11th July 202010th July 2020
by Kyriacos Kiliaris
7 mins read
Cyprus is feeling the impact of global warming witnessing extreme climate conditions, unpredictable weather patterns, floods, unseasonal pressure systems, fires, extreme heat and cold, argue scientists.
Just in the past month, Cyprus has witnessed four cases of unseasonal weather conditions, with experts warning these are signs of climate change.
A low-pressure system this week had pushed temperatures down by six degrees following a heatwave, leaving Cyprus weather experts puzzled with evidence pointing to climate change.
Maximum temperatures were pushed down from a scorching 41֯ C to 35֯ C in just a couple of days, accompanied by local thunderstorms, as a pressure system common during the winter and not in July when temperatures reach their annual high.
Cyprus Department of Meteorology chief Kleanthis Nicolaides told the Financial Mirror, experts are puzzled as to why the weather is acting up, noting that climate change due to global warming has set the stage for some extreme and unseasonal weather events.
“We wouldn’t say the weather has gone crazy, but it is certainly not behaving according to the textbook either,” said Nicolaides.
“It is not normal to be affected by a winter pressure system during the summer, bringing temperatures down from 41°C to 35°C in a matter of days, only for them to go back up to 41°C this weekend when the system retreats.”
He said such phenomena are not common to Cyprus and the region, noting they usually take place in northern parts of the planet, like Scandinavia.
Nicolaides believes a pattern is building up, as similar pressure systems affected Cyprus on at least three occasions in June.
“If you recall, we witnessed a drop in temperatures and rainfall during three out the four weekends in June. The atmosphere is behaving as if it is still winter.”
He argued that such phenomena have not only been observed in the region but have taken place in other parts of the world too.
“Germany experienced two seasons in just a week in June. While it was experiencing very hot weather, things turned around and winter returned with temperatures dropping to 5֯ C.”
Nicolaides argued that climate change is behind several recent ‘weird’ weather incidents across the globe.
He noted that such events need to be studied at an international level to form an understanding as to what extent the climate is changing and what changes are permanent.
“According to models predicting climate and weather conditions in the future, show that Cyprus will undergo a process of desertification in the coming decades.
The island is forecast to have similar climate conditions to those prevailing today in Egypt’s Cairo.”
Nicolaides argued these changes would see Cyprus’ high-end temperature reaching 50֯ C, 3.5 degrees Celsius above the record 46.6°C recorded a few years ago.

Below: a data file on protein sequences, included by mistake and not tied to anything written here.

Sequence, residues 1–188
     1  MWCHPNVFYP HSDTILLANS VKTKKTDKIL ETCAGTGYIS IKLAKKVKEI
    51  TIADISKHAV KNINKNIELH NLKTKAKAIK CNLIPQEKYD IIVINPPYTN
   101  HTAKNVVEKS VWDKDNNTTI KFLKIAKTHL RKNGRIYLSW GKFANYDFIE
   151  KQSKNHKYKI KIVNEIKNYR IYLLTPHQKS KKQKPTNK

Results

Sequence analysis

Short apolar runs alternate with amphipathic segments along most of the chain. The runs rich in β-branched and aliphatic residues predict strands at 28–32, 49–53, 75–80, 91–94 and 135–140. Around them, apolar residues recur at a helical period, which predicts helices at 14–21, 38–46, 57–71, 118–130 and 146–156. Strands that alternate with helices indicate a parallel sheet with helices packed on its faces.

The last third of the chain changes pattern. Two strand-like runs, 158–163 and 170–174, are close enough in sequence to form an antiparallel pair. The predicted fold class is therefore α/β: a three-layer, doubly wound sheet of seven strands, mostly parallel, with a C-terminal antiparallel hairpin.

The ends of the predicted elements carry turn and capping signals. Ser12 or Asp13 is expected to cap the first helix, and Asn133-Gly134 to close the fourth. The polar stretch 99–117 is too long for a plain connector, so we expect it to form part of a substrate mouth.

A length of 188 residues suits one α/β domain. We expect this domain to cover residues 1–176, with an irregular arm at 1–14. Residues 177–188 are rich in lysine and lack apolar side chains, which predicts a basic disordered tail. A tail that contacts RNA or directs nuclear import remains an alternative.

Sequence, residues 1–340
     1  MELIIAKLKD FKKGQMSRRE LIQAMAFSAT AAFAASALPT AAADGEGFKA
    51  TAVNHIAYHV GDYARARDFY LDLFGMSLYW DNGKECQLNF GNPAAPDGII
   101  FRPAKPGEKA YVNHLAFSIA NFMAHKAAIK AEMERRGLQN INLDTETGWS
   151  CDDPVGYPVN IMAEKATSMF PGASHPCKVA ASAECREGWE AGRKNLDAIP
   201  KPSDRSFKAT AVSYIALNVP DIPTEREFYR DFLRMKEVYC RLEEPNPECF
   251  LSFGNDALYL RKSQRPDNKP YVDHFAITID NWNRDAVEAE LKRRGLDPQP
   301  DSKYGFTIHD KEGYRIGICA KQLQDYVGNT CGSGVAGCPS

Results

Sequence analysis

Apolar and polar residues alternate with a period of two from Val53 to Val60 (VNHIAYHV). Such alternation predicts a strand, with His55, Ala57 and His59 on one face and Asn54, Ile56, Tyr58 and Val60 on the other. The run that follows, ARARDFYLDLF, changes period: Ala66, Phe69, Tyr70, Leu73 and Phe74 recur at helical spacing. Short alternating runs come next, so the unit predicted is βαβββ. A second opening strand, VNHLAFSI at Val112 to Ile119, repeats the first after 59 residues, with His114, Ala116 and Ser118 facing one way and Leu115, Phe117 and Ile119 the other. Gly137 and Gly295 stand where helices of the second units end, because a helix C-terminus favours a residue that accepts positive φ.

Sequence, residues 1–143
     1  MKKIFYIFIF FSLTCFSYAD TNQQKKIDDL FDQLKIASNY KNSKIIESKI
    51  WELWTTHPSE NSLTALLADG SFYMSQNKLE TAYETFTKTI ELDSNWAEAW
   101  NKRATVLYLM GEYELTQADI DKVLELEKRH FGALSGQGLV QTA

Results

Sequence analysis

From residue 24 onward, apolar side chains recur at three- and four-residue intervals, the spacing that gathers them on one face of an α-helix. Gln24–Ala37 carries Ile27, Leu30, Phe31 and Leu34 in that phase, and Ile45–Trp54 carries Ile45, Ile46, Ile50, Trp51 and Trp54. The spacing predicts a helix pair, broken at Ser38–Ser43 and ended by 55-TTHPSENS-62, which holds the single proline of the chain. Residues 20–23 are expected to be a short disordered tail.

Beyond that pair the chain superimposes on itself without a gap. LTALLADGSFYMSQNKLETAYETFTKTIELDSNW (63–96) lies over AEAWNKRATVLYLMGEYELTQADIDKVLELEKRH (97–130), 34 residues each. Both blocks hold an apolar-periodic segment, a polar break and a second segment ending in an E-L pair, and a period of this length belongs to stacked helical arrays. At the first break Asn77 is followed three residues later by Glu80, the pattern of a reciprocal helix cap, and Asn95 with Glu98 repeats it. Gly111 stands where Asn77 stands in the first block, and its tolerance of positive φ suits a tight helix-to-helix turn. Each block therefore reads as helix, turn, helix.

“Areas such as Larnaca could find themselves underwater, while drinking water will become scarce in the wider region, leading to political conflicts.”
Middle East sandstorms
Jos Lelieveld a Dutch atmospheric chemist said that analyses of data from Cyprus and the region indicate clearly that extreme weather events are ever-increasing.
Lelieveld, director of the Atmospheric Chemistry Department at the Max Planck Institute for Chemistry in Mainz and professor at the Cyprus Institute, said the Mediterranean is getting warmer, which means that more precipitation is to be expected.
“Model calculations show that extreme weather events are on the cards, which, according to calculations will continue over the next few decades.”
Lelieveld said that according to measurements, temperatures in Cyprus have gone up by 1֯ C since the beginning of the 21st century and are expected to rise more over the coming decades.
He noted that Cyprus will get warmer, but it is lucky enough to be surrounded by the sea, the cool sea wind will keep temperatures in check.
“In the Middle East, however, we will be witnessing more extreme weather events, with places like Iraq and Kuwait undergoing a desertification process.
This will affect Cyprus, as sandstorms will be carrying dust to the island more frequently.”
Cyprus, although not in immediate danger of desertification will have to be on its toes and invest in a number of projects to avoid such a process.
“Apart from being cooled by sea breezes, the vast majority of land in Cyprus is managed, either because it is agricultural land or otherwise utilized.
However, the country will be running a higher fire risk which could push towards some areas becoming trier and running the risk of desertification,” said Lelieveld.
He also noted that as extreme weather events become more frequent, Cyprus will see more precipitation over a shorter period.
“What this means is that less water will be drawn by the ground to underground water reserves, with large quantities of water finding their way to the sea before it is absorbed by the ground”.
Cyprus will probably not find itself in the middle of a dispute involving water, as it has invested in building desalination facilities which can cover the island’s water needs.
“However, tensions in Africa and the Middle East building up over water supplies, should sound the alarm and push us to further invest in desalination projects.
These projects can be expensive, but Cyprus could be clever and combine them with Renewable Energy investments which would solve a number of issues,” said Lelieveld.
“Climate change is real, it’s here, and unfortunately there is not much Cyprus can do to reverse or stop the process.
What the country must do, is make the necessary investments and be prepared for the changes coming.”